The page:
My parent’s basement is a haven for furniture. We’re talking buffets, bookshelves, desks, and cabinets. So while working on other projects, it didn’t take long for us to come across something that we wanted to flip.
Little did I know that what would intrigue Dan the most was a filing cabinet that wasn’t even completely wood. At the same time, I shouldn’t be surprised. As an accountant, he likes to keep track of everything, paperwork, receipts, etc. A good habit to have, and one that I tend to slack at. He currently has a little plastic filing cabinet that he keeps under his desk at home with all his bills and receipts organized – so a free-standing wood filing cabinet with his own personal touch would be perfect for his future office. Yes – the office in our dream home that we’re still dreaming about. At this rate, we’re going to have our rooms fully furnished before we even have a house.
I’ll admit, this project was all Dan from start to finish. I helped out here and there, but other than a bit of hardware removal and spray painting, it was all him.
And that was the first thing we did. Took off the old, gold-plated hardware and gave it a new look. Because we were spray painting both sides, Dan came up with nifty contraptions to hang them from. Coat hangers and string, hung from my garage rafters. Not a bad idea, and it got the job done. A few layers of primer, a few more of black paint, topped off with satin poly, and the hardware was good to go.
The next step was to take the drawers apart to get better angles for stripping, sanding, and staining (sound familiar?). Stripping was done in the garage, and hand-sanding was all that was needed to smooth the cabinet down. At this point, we had multiple projects going on at once, and were pretty spread out between my parent’s basement and garage. Throw in the Christmas decorations scattered around the basement, and it was safe to say there wasn’t much more room for anything. But we made it work, albeit, we also made a mess…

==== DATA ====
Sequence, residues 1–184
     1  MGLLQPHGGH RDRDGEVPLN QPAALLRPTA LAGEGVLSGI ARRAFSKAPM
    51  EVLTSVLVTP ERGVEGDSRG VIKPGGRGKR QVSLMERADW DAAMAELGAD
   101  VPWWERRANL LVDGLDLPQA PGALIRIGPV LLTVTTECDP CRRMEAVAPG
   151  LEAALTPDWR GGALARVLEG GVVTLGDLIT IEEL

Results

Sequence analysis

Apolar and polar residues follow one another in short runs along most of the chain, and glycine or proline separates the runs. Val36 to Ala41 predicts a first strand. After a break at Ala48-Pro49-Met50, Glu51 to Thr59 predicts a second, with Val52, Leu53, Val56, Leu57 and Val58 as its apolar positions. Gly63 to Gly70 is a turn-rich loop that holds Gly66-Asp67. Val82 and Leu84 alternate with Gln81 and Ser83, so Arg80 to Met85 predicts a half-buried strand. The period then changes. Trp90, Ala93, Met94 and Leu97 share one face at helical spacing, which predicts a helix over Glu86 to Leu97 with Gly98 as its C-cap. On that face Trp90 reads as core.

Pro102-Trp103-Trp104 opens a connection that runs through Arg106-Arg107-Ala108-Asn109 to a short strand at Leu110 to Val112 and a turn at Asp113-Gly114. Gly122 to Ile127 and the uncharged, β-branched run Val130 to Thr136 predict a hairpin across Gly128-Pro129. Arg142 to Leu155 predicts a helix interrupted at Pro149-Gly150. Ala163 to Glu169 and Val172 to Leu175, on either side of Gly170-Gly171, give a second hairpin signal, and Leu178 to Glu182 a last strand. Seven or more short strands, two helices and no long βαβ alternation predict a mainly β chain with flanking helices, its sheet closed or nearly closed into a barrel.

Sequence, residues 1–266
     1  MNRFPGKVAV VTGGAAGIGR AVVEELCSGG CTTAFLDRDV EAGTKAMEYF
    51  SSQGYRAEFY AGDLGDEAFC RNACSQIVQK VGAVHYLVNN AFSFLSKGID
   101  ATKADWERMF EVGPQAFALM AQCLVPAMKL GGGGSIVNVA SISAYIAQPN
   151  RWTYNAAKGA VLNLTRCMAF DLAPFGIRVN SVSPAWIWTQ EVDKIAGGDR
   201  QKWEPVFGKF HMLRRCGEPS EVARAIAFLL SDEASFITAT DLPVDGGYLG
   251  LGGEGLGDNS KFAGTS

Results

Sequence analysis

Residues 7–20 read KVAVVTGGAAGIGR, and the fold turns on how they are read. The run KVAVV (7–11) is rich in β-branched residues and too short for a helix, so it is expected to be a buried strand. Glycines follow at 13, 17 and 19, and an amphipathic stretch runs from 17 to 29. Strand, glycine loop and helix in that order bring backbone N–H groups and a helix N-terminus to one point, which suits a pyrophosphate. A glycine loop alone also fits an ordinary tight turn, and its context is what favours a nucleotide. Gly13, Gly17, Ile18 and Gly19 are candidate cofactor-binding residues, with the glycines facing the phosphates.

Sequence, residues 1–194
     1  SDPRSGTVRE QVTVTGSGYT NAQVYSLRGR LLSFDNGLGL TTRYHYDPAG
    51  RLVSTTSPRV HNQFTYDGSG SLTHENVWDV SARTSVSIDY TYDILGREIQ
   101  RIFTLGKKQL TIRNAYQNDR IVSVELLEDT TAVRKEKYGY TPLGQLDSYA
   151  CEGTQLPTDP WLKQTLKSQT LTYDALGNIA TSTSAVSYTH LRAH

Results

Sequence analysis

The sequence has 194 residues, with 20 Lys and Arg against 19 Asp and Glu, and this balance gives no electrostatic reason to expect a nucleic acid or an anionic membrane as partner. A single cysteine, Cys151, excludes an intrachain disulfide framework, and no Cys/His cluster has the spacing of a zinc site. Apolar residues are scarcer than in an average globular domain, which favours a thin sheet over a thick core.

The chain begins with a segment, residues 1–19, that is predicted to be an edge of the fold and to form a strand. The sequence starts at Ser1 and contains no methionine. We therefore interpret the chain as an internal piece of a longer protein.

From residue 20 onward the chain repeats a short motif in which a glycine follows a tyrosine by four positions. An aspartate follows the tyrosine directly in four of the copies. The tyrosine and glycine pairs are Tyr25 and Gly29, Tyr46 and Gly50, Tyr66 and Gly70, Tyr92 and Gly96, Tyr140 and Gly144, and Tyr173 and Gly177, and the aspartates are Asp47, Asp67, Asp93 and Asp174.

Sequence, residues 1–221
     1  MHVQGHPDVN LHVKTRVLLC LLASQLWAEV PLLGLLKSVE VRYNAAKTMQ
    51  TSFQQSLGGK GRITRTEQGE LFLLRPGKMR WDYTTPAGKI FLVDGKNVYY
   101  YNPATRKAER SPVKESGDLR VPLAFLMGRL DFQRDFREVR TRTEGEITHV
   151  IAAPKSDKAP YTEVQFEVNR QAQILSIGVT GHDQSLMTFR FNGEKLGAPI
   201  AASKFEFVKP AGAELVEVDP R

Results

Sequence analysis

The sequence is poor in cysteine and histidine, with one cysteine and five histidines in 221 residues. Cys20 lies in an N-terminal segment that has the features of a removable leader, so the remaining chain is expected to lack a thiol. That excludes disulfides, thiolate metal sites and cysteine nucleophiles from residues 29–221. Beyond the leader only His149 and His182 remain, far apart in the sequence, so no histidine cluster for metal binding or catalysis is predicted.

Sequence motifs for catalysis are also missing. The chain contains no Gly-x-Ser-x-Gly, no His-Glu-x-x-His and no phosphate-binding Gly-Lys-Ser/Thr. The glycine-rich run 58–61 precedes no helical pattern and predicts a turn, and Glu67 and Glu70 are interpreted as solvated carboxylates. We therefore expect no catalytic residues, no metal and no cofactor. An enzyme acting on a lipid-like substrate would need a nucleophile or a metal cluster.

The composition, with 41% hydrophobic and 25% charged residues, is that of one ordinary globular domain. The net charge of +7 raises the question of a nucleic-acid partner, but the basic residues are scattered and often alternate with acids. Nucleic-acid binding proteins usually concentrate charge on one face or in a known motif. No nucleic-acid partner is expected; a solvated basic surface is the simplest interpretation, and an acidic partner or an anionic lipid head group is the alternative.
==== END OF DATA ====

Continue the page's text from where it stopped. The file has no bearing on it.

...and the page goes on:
Staining proved to be the most difficult part of this project, because as I mentioned before, we were working with partially fabricated wood. The sides and drawers stained beautifully with Dark Walnut – really brought out the wood grain. It was the top that gave Dan troubles. A few layers of stain couldn’t cover up the uneven color, so Dan attempted to re-strip the top and start all over. The stain went on a little better, but didn’t at all match the sides or drawers that around it.
Onto plan b, which was to buy a thin piece of wood (similar to veneer) to stain and cover the top. Dan bought a larger piece and used a circular saw to cut out the exact size for the cabinet. Thankfully, staining was a breeze on this cut-out piece, and matched the rest of the cabinet perfectly.
So after that debacle and the use of some problem solving skills, Dan was able to move onto polying. He used a semi-gloss poly to give it a bit more of a shine, and then completed the look with the newly-painted black hardware.
I have to admit, it turned out pretty nice for what it started as. While this cabinet wasn’t an antique to start with, a little bit of work gave it a whole new look that will match nicely with the rest of our furniture and decor.
Onto the next project, which will likely be another basement find =